Cultivated pummelos have been reported to be highly diverse in Southeast Asia, China and India by different researchers based on phenotypes of their fruits [1], [2], [3], [4]. Barkley et al. [5] analyzed 370 citrus accessions including 89 pummelo individuals on 24 SSRs and identified a heterozygosity of 0.4238 for the pummelo accessions. Traditionally, pummelo cultivars in China were classified into three groups, i.e., the Wendan group, the Shatianyou group and the hybrid group (interspecific). A study based on SSR and AFLP markers identified a high genetic diversity existing in the 110 analysed pummelo cultivars collected mainly from China, and showed that the Shatianyou group members were closely related to each other whereas members in Wendan group were more diverse [6]. In the study of Ollitrault et al. [7] using clementine (Citrus clementina Blanco) EST-SNPs, 10 pummelos were assigned to 8 different genotypes. These studies suggested that it should be possible to identify pummelo cultivars using molecular data.

SNPs are widely used for identity analysis in recent years [8], [9], [10]. SNPs were developed for variety identification in melon (Cucumis melo L.) [9], cereal [11] and capsicum (Capsicum annuum L.) [12]. Using SNPs in tree cultivar identification has also been reported. It was claimed that several thousands of grapevine (Vitis vinifera L.) cultivars could be distinguished with the use of a set of 48 SNPs [13]. Cultivar identification using SNPs was also used in olive (Olea europaea L.) [14] and Eucalyptus [15]. Another popular DNA marker in individual or cultivar identification is SSR [16], [17], [18]. Generally speaking, a SSR contains more polymorphic information content (PIC) than does a SNP, as SSRs are often multi-allelic while SNPs are mostly bi-allelic [19], [20]. A comparative study showed that a set of 23 selected SNPs was similar in discrimination power to a set of 13 SSRs for soybean (Glycine max (L.) Merr.) cultivar identification [8]. However, SNPs have several advantages over SSRs. First, the nomenclature of SNP is much simpler than that of SSR, which makes analysis and sharing of results much easier [21], [13]. Second, SNPs greatly outnumber SSRs in genomes, and the study of Tokarska et al. [20] showed that in case of difficult to obtain enough polymorphic SSRs due to low level of genetic diversity it was still possible to find enough number of SNPs for identity analysis. Third, SNPs are genetically more stable than SSRs, since SSR loci are prone to unequal recombination during meiosis or slippage during DNA replication, and new alleles or homoplasy can be generated [22], [23]. And SNP genotyping results have been reported to be highly consistent among different laboratories using different genotyping techniques [24].

High resolution melting analysis (HRMA) has been proven to be an efficient, moderately high throughput, and highly accurate genotyping method [25], [26]. HRMA allows tens to hundreds of samples to be analyzed in a single plate in 30 minutes or so depending on the type of machine used [27]. And these advantages make it quite suitable for quick identification of cultivars.

DNA segments represent another valuable method for genetic variability studies. Segments from mitochondrial, chloroplast or nuclear genomes have been utilized for species identification in DNA barcoding technology [28], [29], [30]. However, the segments used in barcoding are intentionally selected for their possessing enough inter-specific rather than intra-specific polymorphism and are therefore not so suitable for individual identification within a species. But in theory, DNA segments could still be applicable for identifying individuals or cultivars if enough independent polymorphic segments were used. In this respect, chloroplast and mitochondrial segments are less effective than nuclear DNA segments since they are inherited asexually [31]. In contrast, a polymorphic nuclear locus containing a number of alleles (haplotypes) could generate a larger number of genotypes in a diploid organism. Thus, combinations between different such loci would be numerous enough to allow any cultivar to be identified.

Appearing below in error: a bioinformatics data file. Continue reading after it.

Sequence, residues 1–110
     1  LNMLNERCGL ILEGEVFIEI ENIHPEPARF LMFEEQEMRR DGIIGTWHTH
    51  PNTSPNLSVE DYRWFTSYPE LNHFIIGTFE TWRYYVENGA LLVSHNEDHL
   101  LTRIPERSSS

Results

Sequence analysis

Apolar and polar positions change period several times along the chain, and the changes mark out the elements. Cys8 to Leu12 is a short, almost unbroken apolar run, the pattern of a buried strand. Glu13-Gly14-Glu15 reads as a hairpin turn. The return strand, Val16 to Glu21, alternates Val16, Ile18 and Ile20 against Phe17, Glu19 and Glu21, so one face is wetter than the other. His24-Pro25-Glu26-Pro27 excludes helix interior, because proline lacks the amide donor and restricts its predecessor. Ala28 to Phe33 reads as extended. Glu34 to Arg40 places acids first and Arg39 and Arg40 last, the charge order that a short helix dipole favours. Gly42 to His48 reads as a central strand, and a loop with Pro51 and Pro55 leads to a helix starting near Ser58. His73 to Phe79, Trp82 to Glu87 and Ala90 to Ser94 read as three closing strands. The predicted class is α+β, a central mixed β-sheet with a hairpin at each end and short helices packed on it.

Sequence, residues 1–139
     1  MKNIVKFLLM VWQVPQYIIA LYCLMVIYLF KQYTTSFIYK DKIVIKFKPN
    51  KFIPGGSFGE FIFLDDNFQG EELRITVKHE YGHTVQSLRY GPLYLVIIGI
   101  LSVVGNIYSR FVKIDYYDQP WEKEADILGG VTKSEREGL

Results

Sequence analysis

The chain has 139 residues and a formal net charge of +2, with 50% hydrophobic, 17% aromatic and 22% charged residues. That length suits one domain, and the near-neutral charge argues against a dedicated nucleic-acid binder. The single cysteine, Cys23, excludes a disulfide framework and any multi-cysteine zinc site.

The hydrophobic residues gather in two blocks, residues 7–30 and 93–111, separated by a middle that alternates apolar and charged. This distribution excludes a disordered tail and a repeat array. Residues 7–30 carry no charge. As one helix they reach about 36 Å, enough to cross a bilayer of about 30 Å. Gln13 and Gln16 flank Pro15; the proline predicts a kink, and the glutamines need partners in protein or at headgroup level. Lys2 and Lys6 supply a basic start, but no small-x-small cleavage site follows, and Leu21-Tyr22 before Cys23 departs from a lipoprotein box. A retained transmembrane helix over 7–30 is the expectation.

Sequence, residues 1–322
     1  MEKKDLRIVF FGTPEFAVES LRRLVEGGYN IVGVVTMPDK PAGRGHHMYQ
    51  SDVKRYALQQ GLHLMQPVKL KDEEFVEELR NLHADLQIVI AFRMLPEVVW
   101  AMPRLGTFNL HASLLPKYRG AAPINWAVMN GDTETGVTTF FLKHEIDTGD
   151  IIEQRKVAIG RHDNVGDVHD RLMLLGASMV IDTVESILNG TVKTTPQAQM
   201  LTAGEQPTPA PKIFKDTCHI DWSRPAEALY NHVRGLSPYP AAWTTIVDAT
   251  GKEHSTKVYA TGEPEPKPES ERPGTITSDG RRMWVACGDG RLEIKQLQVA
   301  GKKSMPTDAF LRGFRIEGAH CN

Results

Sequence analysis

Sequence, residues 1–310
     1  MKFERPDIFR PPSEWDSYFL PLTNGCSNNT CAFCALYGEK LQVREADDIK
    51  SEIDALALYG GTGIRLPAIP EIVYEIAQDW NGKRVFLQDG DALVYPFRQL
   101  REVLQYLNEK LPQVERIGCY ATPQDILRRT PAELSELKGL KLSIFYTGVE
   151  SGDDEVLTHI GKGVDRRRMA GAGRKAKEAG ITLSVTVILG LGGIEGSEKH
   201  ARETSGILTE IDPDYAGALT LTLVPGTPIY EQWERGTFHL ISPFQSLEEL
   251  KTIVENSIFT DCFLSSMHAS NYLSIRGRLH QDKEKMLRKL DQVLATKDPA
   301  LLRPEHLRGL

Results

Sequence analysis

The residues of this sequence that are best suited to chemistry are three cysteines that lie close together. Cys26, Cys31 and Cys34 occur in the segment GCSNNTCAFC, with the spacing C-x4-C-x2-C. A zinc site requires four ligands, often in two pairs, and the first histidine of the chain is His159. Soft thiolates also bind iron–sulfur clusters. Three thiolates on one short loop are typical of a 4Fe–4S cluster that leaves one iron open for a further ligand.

In this study, we tried to use SNPs and a limited number of DNA segments to achieve a quick and reliable identification of pummelos.

Materials and Methods

Plant materials

All the plant materials were acquired with permissions from their owners or preservers abiding by the laws in China and in Myanmar. Pummelo leaves collected from Myanmar were private possessions and the owners (Kareng ma kam, Changhai Leng, Kachin State, Myanmar) agreed with the use of the materials in research. The plant materials used in this study did not involve endangered or protected species.

Leaves of 205 citrus trees were collected from the National Citrus Germplasm Repository (Chongqing), and the Citrus Germplasm collection block (Guangdong) (Table S1). The samples included 99 pummelo cultivars, 26 unknown accessions, 24 hybrids between pummelo and other citrus species (referred to as CUL, UNKNOWN, MYANMAR and HYBRID respectively), a Honghe papeda (Citrus hongheensis Y. M. Ye, X. D. Liu, S. Ding, et M. Q. Liang) and a Honghe papeda hybrid. Two and three individuals were sampled for 30 and 12 cultivars respectively, which were marked in Table S1. Leaves from 55 pummelo trees were collected at the border between Myanmar and Yunnan province of China, of which 19 trees were located around N23°52.275′E97°41.285′and the rest 36 trees were located around N24°3.173′E97°35.349′. For convenience, all accessions and individuals will be collectively referred to as accessions. Genomic DNA was extracted from leaves using EasyPure Plant Genomic DNA Extraction Kit (TransGen Biotech, Beijing, China) using the protocol supplied with the kit.